2) How does my work differ from others of its genre? I haven't seen many post-Civil War romance novels. Many occur during the war itself. Instead of showing life during the battles, I want to focus on the aftermath. Middle Tennessee as a border area between North & South suffered a great deal, not only with loss of life and livelihood, but with families torn apart by diverging loyalties.
3) Why do I write what I do? I've been in love with romantic stories for as long as I can remember. Though I enjoy fantasy romance (as in my Tallenmere series), I've wanted to write a historical for a long time. This idea came to me a few years ago, and I started it, but kept it on the back burner while I honed my skills on my fantasy series and other projects. When NaNoWriMo came around last November, I knew I was ready to finally finish the first draft. I made it to the 50,000 word mark (NaNo winner!) and surpassed it just a few days ago when I finally finished the draft. So far, I'm loving this story and the challenge of writing about fictional people set in a real town and real time period. The research is fascinating!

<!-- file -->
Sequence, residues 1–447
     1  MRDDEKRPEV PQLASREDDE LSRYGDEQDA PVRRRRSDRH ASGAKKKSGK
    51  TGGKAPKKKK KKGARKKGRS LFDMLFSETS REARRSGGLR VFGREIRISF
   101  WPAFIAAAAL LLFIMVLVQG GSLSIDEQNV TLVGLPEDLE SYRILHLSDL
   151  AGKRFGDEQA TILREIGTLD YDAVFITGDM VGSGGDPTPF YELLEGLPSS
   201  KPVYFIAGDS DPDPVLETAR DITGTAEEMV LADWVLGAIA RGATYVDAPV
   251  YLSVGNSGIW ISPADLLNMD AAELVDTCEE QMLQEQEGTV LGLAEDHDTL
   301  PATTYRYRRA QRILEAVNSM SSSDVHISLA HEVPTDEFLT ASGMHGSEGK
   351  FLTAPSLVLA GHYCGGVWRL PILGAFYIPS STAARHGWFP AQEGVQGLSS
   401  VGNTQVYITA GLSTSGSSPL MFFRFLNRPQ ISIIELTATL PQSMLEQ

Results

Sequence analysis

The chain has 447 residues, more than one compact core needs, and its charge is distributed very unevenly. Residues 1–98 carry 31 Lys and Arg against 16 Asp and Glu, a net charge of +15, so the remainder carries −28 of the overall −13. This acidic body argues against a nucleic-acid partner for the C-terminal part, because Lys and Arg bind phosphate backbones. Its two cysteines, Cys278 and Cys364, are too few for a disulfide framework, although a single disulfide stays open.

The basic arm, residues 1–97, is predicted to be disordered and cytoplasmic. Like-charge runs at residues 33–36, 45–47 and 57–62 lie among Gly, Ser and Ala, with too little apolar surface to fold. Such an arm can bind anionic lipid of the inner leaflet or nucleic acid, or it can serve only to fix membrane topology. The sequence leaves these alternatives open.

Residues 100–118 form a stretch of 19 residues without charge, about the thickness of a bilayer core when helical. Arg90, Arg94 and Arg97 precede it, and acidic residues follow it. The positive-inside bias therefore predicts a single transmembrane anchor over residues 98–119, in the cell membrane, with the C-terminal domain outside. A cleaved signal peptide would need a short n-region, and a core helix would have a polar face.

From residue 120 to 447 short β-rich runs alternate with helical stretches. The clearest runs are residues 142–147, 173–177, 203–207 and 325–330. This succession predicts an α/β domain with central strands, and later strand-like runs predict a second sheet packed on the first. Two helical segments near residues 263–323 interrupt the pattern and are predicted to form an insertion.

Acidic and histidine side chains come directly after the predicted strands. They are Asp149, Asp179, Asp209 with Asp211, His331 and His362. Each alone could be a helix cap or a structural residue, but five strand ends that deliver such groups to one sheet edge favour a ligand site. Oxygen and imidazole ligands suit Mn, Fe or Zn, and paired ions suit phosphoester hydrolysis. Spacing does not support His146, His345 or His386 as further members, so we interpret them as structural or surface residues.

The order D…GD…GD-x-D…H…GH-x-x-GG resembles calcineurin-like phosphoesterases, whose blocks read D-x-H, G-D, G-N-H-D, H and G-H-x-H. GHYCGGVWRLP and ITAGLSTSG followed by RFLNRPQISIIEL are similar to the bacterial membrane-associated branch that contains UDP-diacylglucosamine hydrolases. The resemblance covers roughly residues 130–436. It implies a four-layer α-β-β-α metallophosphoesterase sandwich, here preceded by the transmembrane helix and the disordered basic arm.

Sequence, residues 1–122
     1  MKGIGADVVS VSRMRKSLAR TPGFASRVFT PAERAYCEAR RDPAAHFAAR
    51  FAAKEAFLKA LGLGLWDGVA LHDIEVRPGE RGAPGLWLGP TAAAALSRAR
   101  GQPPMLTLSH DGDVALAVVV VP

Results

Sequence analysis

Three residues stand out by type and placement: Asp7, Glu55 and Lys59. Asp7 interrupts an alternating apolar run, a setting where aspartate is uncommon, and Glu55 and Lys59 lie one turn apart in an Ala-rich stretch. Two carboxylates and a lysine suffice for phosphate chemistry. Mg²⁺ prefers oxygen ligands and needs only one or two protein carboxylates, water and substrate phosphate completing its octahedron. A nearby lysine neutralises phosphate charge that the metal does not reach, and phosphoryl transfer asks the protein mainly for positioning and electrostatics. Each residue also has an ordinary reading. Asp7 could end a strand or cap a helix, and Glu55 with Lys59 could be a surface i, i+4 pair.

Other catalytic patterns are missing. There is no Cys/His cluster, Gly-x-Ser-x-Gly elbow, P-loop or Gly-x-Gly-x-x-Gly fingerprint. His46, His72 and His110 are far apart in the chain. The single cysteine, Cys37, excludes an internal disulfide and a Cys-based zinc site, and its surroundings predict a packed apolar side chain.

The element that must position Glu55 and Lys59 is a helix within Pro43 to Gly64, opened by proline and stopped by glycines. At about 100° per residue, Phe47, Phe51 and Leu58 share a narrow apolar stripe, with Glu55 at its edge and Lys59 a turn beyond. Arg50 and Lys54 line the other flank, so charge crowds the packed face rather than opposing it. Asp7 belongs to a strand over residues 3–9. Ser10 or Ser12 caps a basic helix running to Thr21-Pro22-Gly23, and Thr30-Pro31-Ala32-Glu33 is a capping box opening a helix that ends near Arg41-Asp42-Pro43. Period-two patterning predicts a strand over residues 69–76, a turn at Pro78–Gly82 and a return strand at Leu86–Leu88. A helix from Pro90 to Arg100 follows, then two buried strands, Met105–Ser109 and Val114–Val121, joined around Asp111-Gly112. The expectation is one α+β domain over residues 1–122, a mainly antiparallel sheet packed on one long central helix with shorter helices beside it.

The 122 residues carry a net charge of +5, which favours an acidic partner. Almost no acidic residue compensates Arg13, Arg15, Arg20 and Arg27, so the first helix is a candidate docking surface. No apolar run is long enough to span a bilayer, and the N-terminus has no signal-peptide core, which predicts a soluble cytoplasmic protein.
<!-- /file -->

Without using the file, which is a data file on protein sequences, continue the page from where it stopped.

4) How does your writing process work?
It begins with an idea that sprouts into scribbled sentences and scenes and a list of ideas. From there, I write up a loose outline. I say loose because the characters often take me to unexpected places as I get deeper into the story. The first draft comes next. I prefer to finish a whole draft while not trying to make it perfect. However, I've also gotten part way through a first draft, only to go back and start the second at the 1/3 or halfway point. Once I've gotten a decent second draft, I'm ready to get critique partners (I recommend Critique Circle) to offer feedback, and vise versa. This step is crucial in my process--getting feedback from others is invaluable in order to write a publishable book. Once the critiques and edits from those are complete, I give it one last read through for anything I might have missed (typos, repetitive words, wrong chapter numbers, etc) and it's time to start looking for a publishing home. But that's a whole 'nother story!